Tangling life-saving regulations in red tape

“Regulatory reform” is a popular battle cry for congressional Republicans these days, so long as “reform” actually means restricting the ability of agencies to protect the public.

In one of the few efforts with any Democratic support, Sens. Rob PortmanRobert (Rob) Jones PortmanMcConnell names Senate GOP tax conferees Overnight Finance: House approves motion to go to tax conference — with drama | GOP leaders to consider Dec. 30 spending bill | Justices skeptical of ban on sports betting | Mulvaney won't fire official who sued him How four GOP senators guided a tax-bill victory behind the scenes MORE (R-Ohio) and Heidi HeitkampMary (Heidi) Kathryn HeitkampThe Hill's 12:30 Report Avalanche of Democratic senators say Franken should resign Senate panel moves forward with bill to roll back Dodd-Frank MORE (D-N.D.) have co-sponsored a Regulatory Accountability Act that made it out of committee on May 17 and is headed to the floor soon. The sponsors may be speaking for corporate interests, playing defense with next year’s elections in mind, or may actually think the bill will improve the regulatory process.  But it’s a bad idea – one that will make it harder to clean up our air, water and food. For instance, if this bill passes, it might take years to tighten standards to prevent another Flint drinking-water crisis. 

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The Heitkamp-Portman bill has myriad flaws, but two stand out in particular. First, it would require agencies to use courtroom procedures for evaluating important rules, complete with cross-examination of witnesses in front of a judge. Nowadays, agencies get evidence and comments in writing, a faster, less expensive, more deliberative process. And second, once a regulation is adopted, the bill would give federal judges hearing challenges more power to second-guess agencies in a number of key areas, including assessing the scientific basis for the agency’s action, the meaning of agency rules, and the economics of agency cost-benefit analysis. Both provisions are steps in the wrong direction. 

The most troubling change is the substitution of live trials for electronic comments. If Heitkamp and Portman had talked to any trial judges, they might have found out why courtroom trials are a bad way to decide complex technical issues.  Such trials take an enormous amount of time; they cost the parties a fortune; and the elaborate rituals of questioning experts on the witness stand tend to create as much confusion as clarity. In fact, many judges do everything they can to avoid such trials, try to decide as much of the case as possible on the basis of documents rather than oral testimony, and ruthlessly prune witness lists and the lengths of trials.

In the context of regulation, the trial procedure is an especially bad idea. Major corporations can well afford the extra costs of paying lawyers and expert witnesses for lengthy trials. But public interest groups, seeking to protect workers, consumers and public health, can barely afford the more streamlined procedures in effect today. Their voices would scarcely be heard in the mega-trials that would be required by the bill, if they could afford to participate at all.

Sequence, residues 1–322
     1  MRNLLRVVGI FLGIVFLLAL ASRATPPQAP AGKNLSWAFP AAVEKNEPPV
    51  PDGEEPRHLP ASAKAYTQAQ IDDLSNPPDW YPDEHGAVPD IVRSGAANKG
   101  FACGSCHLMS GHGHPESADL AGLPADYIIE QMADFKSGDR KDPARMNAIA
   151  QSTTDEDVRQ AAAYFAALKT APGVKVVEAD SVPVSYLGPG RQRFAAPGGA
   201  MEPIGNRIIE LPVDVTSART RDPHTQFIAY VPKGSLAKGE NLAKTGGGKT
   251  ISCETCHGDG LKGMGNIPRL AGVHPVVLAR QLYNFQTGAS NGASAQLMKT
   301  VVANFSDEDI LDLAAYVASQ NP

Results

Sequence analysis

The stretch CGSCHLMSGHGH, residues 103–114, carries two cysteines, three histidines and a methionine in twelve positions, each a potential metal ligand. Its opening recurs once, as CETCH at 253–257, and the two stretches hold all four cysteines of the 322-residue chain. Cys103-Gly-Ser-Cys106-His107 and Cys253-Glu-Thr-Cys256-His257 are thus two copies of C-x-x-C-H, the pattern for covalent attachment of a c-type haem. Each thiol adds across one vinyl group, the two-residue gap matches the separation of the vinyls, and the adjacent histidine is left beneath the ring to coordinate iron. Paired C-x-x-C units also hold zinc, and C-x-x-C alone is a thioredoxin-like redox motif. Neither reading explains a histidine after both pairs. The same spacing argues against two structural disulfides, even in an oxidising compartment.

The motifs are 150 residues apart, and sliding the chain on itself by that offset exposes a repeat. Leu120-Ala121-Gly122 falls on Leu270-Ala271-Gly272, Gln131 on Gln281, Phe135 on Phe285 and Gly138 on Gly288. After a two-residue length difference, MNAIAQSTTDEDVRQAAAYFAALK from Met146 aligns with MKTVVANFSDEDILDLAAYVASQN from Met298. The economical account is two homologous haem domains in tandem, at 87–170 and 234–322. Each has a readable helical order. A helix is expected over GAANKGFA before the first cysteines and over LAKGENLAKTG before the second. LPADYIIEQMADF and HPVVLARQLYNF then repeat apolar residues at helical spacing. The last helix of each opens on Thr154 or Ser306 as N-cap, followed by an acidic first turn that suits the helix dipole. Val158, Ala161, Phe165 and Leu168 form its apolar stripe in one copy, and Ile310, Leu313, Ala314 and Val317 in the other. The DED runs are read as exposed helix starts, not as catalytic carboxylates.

Expanding the power of federal courts to review rules is also a bad idea. Judicial review can already cause years of delay.  The bill would give industry many new legal arguments against regulations.  It asks judges, few of whom have training in economics, to review the substantive economic analysis of new regulations, and it would give them more leeway to second-guess agencies on complex scientific issues far beyond the expertise of most judges.  It’s completely unknown whether any possible improvement in the quality of the agency decision is worth the added delays and potential errors and misjudgments by judges.

There’s an irony here. The bill calls for extreme vetting of important rules to protect public health and the environment. But as Heitkamp and Portman note with some pride, the bill was voted out of committee in just three weeks. Obviously, very little vetting took place. Somehow, what’s sauce for the agency goose isn’t sauce for the congressional gander. Maybe that’s because, when their own policy efforts are involved, the senators realize that the costs of extra procedural hurdles can easily outweigh the benefits.

Unfortunately, in drafting the bill, they were blind to its costs. As a result, the bill would impose needlessly complex procedures that will hamper agency efforts to protect the public interest far more than it will improve agency decision making. And, of course, for many of the bill’s supporters, that’s exactly the point. Nothing about this proposal is intended to foster safer workplaces, food and consumer, and nothing about it would improve public health or the environment. The purpose is to delay or defeat rules that would accomplish those important objectives.

The stakes for this legislation are high. When regulations are needed to protect the public from pollution or toxic substances, do we really want to let industry lawyers drag out the process for years?

Dan Farber is a professor of constitutional and environmental law at the University of California, Berkeley and a Member Scholar at the Center for Progressive Reform.


The views expressed by this author are their own and are not the views of The Hill.